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Understanding the New Jersey Tort Claims Act

There are potential hazards across the state of New Jersey, so it is no surprise that injuries can happen in public parks or government buildings as easily as in an amusement park or grocery store. What many do not realize, however, is that when someone sustains an injury at a government-owned facility, the rules of premises liability differ slightly.

According to reports from NJ.com, the New Jersey Tort Claims Act is a state law in place that protects governmental agencies in the state from many types of liability. In order to bring a lawsuit, a case must include a government employee “engaging in willful misconduct” or have caused permanent injury to the plaintiff. There are also time limits governing the filing of lawsuits: the public agency must be notified within 90 days of the incident and six months before any lawsuit can be filed.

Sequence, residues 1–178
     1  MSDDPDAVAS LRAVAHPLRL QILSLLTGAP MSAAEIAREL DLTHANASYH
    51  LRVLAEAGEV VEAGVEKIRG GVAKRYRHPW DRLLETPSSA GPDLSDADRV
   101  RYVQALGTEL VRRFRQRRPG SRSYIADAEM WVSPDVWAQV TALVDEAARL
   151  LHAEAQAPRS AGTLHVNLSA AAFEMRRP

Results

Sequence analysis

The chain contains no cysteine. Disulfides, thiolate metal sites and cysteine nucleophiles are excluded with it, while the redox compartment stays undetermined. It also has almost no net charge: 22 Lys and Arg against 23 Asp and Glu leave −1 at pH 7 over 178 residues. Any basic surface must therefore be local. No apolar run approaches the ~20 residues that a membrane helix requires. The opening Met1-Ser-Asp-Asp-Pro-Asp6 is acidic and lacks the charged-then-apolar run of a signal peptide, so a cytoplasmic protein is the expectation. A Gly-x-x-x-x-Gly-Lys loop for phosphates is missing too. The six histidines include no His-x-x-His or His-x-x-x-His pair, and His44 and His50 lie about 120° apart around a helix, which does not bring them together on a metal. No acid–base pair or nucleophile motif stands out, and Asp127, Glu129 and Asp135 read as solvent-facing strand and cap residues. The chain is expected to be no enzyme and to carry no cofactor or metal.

As FindLaw notes, these types of restrictions are common, and though the government can be sued, sovereign immunity still offers a level of protection from lawsuits that private companies do not have. A lawyer can help clients determine whether or not a case against the government would have merit, and there are often limitations to the kinds of cases that can be brought in court. Like New Jersey, many states restrict the types of cases where liability can apply. Extra steps before filing are common, and in some states, an administrative claim must be made, and denied, before a civil suit can be filed. Time restrictions like the ones in New Jersey are also common, which is why seeking legal counsel in a timely fashion is so important.

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